A secularist former Baathist wins in Kérbéla, a bastion of Shiism. Only in democratic Iraq. This proves two things: 1) A secular candidate can win in a religious Iraqi city. 2) Not all Baathists committed crimes during Saddam's regime. It reminds me of my post about Germany after WWII, in which mayors who had not committed crimes under the Nazi regime kept their jobs after the war. Thanks Molly for the link.
On a side note, in case you haven't noticed, I like spelling the names of Iraqi cities the way they sound, and I find the letter e-acute (é) to be useful for this purpose. I just learned from that Wiki page how to type the é using my keyboard, so from now on I will spell it Néjéf and Kérbéla, because I would like my American friends to stop saying "Najoff" and "Kar bolla".
A Secularist Finds Sway in a Hub of Shiite Islam
By MARC SANTORA
Published: February 8, 2009
KARBALA, Iraq — On battered blast walls and rusted telephone poles, the election posters that line the rubble-strewn road from Baghdad to Karbala show the familiar faces of the would-be leaders of Iraq.
Already withered and peeling, the posters are the physical traces of the Jan. 31 elections, where national leaders, including Prime Minister Nuri Kamal al-Maliki, backed local candidates in an effort to solidify their power bases.
Yousef Majid al-Habboubi was not among those favored with an endorsement.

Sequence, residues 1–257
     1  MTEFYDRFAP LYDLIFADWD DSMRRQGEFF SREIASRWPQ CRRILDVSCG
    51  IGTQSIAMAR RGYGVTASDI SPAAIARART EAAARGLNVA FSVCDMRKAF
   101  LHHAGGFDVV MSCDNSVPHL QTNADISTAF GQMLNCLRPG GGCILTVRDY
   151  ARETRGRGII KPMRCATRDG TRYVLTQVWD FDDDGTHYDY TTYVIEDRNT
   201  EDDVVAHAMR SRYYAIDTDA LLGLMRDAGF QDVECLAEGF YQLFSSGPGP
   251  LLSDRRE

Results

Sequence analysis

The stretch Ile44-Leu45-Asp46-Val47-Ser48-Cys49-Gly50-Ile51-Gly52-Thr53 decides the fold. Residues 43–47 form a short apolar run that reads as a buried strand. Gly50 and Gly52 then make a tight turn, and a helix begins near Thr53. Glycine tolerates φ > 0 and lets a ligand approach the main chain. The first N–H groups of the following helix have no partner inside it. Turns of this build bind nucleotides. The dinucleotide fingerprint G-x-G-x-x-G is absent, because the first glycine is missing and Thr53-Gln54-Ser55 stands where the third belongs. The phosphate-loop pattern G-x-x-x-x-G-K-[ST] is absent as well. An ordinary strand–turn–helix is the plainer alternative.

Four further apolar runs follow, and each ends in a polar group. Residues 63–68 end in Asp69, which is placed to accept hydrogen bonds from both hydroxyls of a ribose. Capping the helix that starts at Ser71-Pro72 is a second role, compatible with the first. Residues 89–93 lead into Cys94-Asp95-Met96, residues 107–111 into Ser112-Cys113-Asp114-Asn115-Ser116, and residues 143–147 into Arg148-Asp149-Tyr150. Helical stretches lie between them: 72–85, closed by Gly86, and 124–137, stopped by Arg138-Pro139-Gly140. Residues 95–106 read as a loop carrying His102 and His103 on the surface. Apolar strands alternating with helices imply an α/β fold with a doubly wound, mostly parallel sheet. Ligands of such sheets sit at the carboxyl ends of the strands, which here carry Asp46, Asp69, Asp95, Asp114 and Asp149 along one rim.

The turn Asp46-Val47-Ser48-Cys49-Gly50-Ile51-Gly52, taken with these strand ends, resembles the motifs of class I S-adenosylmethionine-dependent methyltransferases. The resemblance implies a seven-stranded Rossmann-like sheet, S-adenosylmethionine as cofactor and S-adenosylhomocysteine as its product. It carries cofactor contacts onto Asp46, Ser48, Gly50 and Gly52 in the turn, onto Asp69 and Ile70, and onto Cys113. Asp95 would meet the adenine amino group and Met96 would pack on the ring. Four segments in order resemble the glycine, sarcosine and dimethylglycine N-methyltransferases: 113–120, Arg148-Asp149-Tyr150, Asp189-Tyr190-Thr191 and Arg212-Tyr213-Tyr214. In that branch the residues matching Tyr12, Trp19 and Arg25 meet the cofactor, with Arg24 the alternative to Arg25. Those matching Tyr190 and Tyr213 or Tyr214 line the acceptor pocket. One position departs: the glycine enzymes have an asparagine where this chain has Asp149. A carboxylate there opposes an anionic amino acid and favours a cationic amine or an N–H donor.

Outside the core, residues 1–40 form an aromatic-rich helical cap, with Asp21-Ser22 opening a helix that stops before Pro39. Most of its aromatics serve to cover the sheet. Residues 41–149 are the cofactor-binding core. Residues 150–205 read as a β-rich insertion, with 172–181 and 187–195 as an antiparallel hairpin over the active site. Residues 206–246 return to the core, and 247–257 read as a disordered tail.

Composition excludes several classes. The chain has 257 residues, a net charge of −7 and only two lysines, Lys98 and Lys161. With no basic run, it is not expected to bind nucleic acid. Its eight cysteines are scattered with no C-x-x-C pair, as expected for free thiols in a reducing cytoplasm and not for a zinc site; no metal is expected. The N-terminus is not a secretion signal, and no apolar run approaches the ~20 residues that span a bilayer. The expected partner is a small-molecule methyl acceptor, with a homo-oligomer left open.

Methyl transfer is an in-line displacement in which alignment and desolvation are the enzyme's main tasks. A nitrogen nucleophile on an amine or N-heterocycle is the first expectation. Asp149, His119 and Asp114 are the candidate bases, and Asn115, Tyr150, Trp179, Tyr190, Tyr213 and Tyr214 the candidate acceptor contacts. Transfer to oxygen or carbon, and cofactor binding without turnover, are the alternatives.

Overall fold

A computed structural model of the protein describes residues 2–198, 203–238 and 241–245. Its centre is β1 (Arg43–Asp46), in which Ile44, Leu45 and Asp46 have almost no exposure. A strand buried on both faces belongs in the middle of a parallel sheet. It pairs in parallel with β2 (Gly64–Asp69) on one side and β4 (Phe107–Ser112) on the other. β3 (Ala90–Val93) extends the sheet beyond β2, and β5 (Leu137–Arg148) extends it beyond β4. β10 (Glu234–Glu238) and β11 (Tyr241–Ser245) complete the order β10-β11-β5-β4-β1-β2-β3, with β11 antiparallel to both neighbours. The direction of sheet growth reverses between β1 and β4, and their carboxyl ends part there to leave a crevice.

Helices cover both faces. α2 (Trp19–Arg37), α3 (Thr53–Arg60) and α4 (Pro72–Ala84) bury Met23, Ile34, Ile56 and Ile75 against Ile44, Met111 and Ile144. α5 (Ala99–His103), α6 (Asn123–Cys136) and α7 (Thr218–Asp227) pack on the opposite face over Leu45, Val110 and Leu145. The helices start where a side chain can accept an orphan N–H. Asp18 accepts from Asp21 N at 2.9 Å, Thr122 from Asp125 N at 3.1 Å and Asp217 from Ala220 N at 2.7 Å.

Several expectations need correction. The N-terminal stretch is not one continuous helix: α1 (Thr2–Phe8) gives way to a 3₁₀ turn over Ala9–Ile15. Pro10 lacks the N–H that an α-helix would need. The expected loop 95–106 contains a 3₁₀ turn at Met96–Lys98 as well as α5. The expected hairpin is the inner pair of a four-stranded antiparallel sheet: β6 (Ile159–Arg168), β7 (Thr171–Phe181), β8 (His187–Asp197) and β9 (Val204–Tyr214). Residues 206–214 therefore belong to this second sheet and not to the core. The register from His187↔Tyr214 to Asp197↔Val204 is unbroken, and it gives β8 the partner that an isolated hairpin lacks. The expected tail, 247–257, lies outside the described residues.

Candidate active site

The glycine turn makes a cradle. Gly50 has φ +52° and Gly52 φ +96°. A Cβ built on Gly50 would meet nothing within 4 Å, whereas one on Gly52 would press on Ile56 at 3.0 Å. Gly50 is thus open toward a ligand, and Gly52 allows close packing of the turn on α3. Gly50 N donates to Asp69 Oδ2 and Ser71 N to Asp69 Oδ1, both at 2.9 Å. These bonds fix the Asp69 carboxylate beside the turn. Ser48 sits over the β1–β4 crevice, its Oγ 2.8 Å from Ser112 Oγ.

Yet Mr. Habboubi, a former Baath Party member who has largely been out of politics since the American invasion in 2003, managed to defeat soundly not only candidates from the religious parties that controlled Karbala Province, but also Mr. Maliki’s preferred candidates, gaining nearly twice as many votes as his two closest competitors.
In one respect, Mr. Habboubi’s victory is a reflection of how dominant an issue reconstruction and the restoration of basic government services have become.
Karbala is dominated by religious Shiites and is home to some of their holiest shrines. Yet the votes here seemed driven more by a desire for pragmatism than piety, going to Mr. Habboubi, a secularist with government experience, over the religious parties that have held sway here since the American invasion.
Even more noteworthy here in Shiite country, which greatly suffered under Saddam Hussein’s Baathist rule, was the willingness to turn to a man with a Baathist past. Despite that, voters interviewed said Mr. Habboubi was an overwhelmingly better candidate because of his experience as a deputy governor and his recent activities in local government.
Born in Najaf, Mr. Habboubi worked in the 1970s at a firehouse in Karbala, and even as he ascended the Baathist ranks he maintained a reputation as a populist.
“He sold his own car to help restore Ahmed bin Hashim shrine,” recalled Mohammad Abdul Hassan, 35, a firefighter in Karbala.